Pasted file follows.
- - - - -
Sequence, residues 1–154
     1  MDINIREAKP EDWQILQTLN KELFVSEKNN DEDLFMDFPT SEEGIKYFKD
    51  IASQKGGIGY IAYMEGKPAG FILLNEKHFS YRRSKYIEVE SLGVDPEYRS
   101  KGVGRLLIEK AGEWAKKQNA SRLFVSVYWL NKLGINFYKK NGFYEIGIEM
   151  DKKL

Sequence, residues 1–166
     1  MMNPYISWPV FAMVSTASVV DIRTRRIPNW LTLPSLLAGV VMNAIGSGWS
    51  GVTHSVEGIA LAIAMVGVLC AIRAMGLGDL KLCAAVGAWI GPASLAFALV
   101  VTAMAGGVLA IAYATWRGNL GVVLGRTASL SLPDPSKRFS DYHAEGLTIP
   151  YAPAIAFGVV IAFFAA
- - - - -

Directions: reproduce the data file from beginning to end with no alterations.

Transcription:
Sequence, residues 1–154
     1  MDINIREAKP EDWQILQTLN KELFVSEKNN DEDLFMDFPT SEEGIKYFKD
    51  IASQKGGIGY IAYMEGKPAG FILLNEKHFS YRRSKYIEVE SLGVDPEYRS
   101  KGVGRLLIEK AGEWAKKQNA SRLFVSVYWL NKLGINFYKK NGFYEIGIEM
   151  DKKL

Sequence, residues 1–166
     1  MMNPYISWPV FAMVSTASVV DIRTRRIPNW LTLPSLLAGV VMNAIGSGWS
    51  GVTHSVEGIA LAIAMVGVLC AIRAMGLGDL KLCAAVGAWI GPASLAFALV
   101  VTAMAGGVLA IAYATWRGNL GVVLGRTASL SLPDPSKRFS DYHAEGLTIP
   151  YAPAIAFGVV IAFFAA